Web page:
Perception vs. Reality of the Legal Profession

It seems that the perception of some regarding their future in the legal profession is a bit skewed. This is especially strong among a certain population of law school students, but it also exists among some law school graduates (and even a few with bar licenses).

Here’s the way many perceive their future in the legal profession:

Those of us who represent clients regularly know this perception is incorrect.

The reality is as follows:

See the second chart? We all figured you knew this before starting law school. It just makes sense. We like to think that 12 years of formal preliminary education followed by at least a Baccalaureate degree gave you the insight necessary to realize that success only comes from hard work and perseverance. Getting a law degree just gives you a ticket to attend the game. It does not guarantee a court-side seat.

There is no such thing as a free lunch, especially in the legal profession. Get off your ass and do something remarkable for a client. They need a good lawyer. Really.

And, those clients are going to make you, but not overnight. It’s something you earn over time. Client after client. Year after year. Through both uplifting successes and depressing failures.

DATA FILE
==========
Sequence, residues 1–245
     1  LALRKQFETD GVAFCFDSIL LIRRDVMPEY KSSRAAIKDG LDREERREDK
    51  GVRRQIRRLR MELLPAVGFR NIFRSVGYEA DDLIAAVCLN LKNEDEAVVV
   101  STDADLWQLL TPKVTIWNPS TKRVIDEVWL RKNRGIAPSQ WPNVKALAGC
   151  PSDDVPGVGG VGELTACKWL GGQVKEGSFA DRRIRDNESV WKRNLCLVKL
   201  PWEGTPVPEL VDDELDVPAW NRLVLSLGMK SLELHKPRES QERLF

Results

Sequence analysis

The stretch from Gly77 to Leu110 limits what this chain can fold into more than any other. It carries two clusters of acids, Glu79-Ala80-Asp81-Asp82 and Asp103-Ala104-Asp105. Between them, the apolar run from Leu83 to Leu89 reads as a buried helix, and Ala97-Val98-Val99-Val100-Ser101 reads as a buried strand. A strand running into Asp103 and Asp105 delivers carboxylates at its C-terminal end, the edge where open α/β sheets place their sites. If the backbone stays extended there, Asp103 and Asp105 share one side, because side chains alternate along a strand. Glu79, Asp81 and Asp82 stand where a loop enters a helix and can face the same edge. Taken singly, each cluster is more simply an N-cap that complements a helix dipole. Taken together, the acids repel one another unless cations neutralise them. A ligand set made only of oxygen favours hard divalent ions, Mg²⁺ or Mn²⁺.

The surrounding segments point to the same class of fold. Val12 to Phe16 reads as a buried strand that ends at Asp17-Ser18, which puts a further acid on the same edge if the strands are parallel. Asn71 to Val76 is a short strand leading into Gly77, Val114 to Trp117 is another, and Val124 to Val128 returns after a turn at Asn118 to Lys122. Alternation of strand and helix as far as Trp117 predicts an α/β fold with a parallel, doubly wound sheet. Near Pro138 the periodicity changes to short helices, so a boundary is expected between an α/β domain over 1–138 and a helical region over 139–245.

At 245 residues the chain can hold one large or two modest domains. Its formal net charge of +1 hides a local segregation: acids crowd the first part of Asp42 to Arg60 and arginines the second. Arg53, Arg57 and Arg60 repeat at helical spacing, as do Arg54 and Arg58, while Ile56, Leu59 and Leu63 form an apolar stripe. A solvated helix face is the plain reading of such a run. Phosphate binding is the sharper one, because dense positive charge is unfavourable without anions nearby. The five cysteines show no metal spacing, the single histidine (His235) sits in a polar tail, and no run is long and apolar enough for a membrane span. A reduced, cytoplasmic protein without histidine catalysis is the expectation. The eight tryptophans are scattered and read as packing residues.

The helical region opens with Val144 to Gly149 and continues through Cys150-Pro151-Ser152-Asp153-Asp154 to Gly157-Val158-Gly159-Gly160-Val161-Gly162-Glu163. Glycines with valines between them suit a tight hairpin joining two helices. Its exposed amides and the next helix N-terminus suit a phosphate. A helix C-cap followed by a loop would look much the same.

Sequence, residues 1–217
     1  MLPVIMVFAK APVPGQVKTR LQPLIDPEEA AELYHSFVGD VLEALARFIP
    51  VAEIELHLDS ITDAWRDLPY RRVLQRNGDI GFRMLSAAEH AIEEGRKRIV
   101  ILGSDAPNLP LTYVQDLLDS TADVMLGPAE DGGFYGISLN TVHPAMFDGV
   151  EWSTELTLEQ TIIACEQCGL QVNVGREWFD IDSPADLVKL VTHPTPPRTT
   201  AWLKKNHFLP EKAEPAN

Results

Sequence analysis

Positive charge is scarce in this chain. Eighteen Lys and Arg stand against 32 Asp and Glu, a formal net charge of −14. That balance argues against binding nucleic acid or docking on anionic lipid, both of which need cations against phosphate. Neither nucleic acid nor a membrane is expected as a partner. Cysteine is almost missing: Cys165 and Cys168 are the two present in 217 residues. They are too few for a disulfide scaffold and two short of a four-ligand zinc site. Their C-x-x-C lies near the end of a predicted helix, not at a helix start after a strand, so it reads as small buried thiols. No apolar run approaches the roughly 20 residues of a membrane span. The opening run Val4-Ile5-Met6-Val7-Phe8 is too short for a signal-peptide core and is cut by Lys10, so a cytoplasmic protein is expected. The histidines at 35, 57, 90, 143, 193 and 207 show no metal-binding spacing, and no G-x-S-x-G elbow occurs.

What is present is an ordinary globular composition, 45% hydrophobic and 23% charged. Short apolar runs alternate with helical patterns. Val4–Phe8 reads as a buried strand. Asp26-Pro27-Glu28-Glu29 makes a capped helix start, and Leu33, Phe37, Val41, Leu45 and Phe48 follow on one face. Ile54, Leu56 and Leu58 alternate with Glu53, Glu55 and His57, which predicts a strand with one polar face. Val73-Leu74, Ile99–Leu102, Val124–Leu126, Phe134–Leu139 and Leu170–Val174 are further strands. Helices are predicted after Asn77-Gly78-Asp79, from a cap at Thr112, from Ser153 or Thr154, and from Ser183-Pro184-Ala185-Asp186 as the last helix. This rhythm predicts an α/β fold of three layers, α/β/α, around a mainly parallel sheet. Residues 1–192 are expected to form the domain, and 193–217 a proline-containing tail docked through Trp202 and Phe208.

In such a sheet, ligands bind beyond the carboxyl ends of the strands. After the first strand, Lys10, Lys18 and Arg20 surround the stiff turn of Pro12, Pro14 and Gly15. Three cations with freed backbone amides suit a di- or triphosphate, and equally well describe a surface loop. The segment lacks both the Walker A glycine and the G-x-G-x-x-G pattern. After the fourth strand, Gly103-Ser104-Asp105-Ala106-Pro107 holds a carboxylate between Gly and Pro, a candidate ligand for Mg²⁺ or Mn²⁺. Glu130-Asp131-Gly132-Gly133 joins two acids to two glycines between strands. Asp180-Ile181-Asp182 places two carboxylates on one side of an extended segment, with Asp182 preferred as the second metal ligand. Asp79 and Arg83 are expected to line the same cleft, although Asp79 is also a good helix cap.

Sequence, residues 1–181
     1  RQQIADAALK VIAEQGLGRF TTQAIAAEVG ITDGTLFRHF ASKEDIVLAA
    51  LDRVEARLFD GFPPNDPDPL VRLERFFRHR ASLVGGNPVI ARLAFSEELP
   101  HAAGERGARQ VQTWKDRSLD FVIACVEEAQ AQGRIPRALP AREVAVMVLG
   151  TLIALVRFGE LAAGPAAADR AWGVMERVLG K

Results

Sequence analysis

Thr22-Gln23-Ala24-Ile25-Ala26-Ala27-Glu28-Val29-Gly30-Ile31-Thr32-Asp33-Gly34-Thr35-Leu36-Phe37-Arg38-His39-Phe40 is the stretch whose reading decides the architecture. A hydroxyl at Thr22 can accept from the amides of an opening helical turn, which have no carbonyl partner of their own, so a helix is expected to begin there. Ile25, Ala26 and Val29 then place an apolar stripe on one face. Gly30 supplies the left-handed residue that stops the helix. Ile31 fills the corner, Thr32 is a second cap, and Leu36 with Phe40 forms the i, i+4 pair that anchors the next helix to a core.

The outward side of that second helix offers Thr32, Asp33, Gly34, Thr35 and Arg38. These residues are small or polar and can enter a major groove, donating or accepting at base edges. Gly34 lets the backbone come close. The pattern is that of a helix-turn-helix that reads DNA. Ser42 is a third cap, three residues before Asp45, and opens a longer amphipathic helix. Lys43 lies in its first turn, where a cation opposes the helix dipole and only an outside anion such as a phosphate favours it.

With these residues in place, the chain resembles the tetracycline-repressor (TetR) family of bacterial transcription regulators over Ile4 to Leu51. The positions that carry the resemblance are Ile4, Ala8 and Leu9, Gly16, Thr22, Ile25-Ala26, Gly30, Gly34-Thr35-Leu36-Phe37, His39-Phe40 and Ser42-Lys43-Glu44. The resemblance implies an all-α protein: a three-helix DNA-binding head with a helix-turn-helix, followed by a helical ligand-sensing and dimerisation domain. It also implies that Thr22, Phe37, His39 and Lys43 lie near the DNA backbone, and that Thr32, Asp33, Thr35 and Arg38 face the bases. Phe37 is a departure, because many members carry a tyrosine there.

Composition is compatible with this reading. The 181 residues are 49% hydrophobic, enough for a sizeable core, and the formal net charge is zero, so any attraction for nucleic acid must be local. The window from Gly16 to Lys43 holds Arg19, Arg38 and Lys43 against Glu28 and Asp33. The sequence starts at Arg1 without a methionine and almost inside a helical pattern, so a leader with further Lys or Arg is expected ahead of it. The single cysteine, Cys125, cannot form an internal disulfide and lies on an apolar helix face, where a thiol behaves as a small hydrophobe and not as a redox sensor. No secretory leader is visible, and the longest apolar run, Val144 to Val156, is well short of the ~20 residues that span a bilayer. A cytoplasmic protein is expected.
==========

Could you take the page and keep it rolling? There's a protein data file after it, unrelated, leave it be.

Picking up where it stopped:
17 thoughts on “Perception vs. Reality of the Legal Profession

  1. But it’s soooo haaarrrrd. And they said I was soooo smaaaaarrrrt. And I really want to be successful nooooooooooow. And hard work gets in the way of doing what I waaaaaannnnnnnt.

    • I love you, too, Dan.

      shg: I’m enthusiastically heterosexual. I suspect Dan is, too. If not, Parker Posey may be horribly disappointed.

      As for the Boy Scouts, I already have a future post planned for them. It may not happen until Summer, though. Great program, deplorable organization.

  2. Let’s clear the air: “Mongo straight”. Some Eagle Scouts, too. Five or six of us, maybe. Note: I’m a leading heterosexual in several Western nations. Even have age of majority law updates for Americas, Europe and Asia on computer.

  3. A friend of a friend (non-law student) linked me (about to take the July CA bar) over to this. It’s great. Do you mind if I reblog the two charts on my site?


  4. There’s another path as well – the one where you use technology to solve all your problems, perform the mundane and difficult tasks, and get on the road to success without dealing with all that drudgery and hard work.

    • I know, Gid. The legal world rejoices. CJ Marshall is smiling down. My understanding is that your birth into the legal world was by immaculate conception, and the chronicles of your wonderful acts on earth will be inscribed in reformed Egyptian hieroglyphics on gold plates and buried in Palmyra, NY for aliens to find in thousands of years.

      I might be wrong, but I also don’t think I’m too far off.

      • Nah. It’s not that. Haven’t you heard of – and envied – those people who never have to work hard and who still manage to shine and do so well? Well, I’m one of them. My “winging it” is 100 times better than most people’s “burning the midnight oil”.

        What can I say? Rain man ain’t got shit on me. That’s what I can say.

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